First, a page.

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Naming the Glitch, New Aesthetic & Post-Digital

story © Michael Betancourt | published July 25, 2017 | permalink | TwitThis Digg Facebook StumbleUpon  |  



Glitch & Postdigital

The convergence of immaterial digital processes and the physical world is an increasingly obvious part of everyday experience, and has been steadily getting more attention since the start of the twenty-first century. There is nothing new about this relationship, which has been developing since at least the 1980s, but what is of interest is how these developments have stopped being new and simply become a part of everyday reality, accepted and largely ignored as just an aura of the digital. The variety of terms attempting to name these developments reveals the different approaches and concerns of the people introducing them: as challenge, as celebration, as philosophical shift.

The variety of terms attempting to name these developments reveals the different approaches and concerns of the people introducing them: as challenge, as celebration, as philosophical shift. The names in circulation, glitch (or glitch art), new aesthetic and postdigital all converge on their topic: how digital production renders the aura of information and its claims of immediacy tangible, physically present, but at the same time withdraws that instrumentality from immediate engagement by shifting the key parts of production from human action to the generative capabilities of digital technology and out-of-sight on-demand production that is then delivered to its human audience, seemingly without the need for human labor. This distancing is always true of the interaction with digital systems through computers of all type. Not just via the hand-held devices, the tablets and cellphones that make a continuous interaction possible, but through the persistent monitoring of Alexa, Siri and other voice-responsive systems that monitor their users for any requests.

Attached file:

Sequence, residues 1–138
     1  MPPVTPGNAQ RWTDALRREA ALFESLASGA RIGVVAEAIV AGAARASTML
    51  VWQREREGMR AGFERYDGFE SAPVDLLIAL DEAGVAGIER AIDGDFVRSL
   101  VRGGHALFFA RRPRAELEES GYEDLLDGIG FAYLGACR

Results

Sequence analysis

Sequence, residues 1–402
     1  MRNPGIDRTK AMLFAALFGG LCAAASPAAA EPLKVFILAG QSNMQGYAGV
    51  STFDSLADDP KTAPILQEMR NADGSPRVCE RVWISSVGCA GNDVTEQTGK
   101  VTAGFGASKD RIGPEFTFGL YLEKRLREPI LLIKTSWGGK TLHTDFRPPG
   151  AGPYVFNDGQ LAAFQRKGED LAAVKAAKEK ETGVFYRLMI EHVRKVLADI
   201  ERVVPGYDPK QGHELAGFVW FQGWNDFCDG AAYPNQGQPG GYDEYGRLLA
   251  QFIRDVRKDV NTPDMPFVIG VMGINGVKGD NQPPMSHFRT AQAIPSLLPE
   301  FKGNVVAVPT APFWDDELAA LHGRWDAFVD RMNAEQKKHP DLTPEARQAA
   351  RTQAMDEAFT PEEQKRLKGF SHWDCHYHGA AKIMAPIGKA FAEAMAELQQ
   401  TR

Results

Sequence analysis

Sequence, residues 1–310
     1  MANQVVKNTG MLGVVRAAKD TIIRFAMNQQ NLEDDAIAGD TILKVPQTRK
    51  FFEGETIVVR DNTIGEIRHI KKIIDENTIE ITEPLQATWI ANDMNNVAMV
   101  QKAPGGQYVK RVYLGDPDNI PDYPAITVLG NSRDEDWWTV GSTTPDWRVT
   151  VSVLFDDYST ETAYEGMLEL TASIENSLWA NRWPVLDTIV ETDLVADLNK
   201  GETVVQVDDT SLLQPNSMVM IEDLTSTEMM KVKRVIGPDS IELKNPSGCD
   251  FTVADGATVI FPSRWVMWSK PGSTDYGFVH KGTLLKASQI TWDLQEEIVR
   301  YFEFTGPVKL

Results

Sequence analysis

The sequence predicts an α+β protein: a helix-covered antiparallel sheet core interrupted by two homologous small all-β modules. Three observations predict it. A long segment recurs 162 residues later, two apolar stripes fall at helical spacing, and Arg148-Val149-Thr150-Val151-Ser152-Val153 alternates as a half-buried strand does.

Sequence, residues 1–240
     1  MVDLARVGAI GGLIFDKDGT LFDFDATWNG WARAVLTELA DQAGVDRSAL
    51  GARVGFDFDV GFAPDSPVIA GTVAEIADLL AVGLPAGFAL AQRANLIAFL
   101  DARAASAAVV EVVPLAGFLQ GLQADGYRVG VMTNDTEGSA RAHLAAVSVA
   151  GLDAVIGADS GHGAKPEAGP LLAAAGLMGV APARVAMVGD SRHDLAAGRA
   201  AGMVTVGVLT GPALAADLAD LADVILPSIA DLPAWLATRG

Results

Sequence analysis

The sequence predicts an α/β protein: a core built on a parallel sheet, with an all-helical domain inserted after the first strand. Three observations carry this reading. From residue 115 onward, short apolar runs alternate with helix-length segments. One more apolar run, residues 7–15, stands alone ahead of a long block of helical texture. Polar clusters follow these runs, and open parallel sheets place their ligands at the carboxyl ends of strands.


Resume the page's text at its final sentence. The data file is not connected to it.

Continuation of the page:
The response to this ubiquity is banality. In becoming an everyday part of the work, these machines make their systemic assumptions about how that world should be ordered into a commonplace. To the extent that any of the aesthetic responses have significance beyond simply a celebration, what James Bridle called waving at the machines in his proposal of the new aesthetic, it lies with their attempts to create a critical consciousness of these technologies as forces re-constructing the lived world according to the demands of an immaterial capital. The persistent monitoring of their owners that every device engages in is both a necessity for the device to function at all, and (simultaneously) a mass surveillance and data mining that continues the advance of digital capitalism into private domains that historically were outside of accumulation. These technologies are not insidious invaders. They are realizations of the underlying structural demands of capitalism being acted-out directly through technology: machineries are crystallizations of the ideologies that enable their use, form given to the ideas that prompted their construction.

Excerpt adapted from A Semiotics of PostCinema






 
 

 
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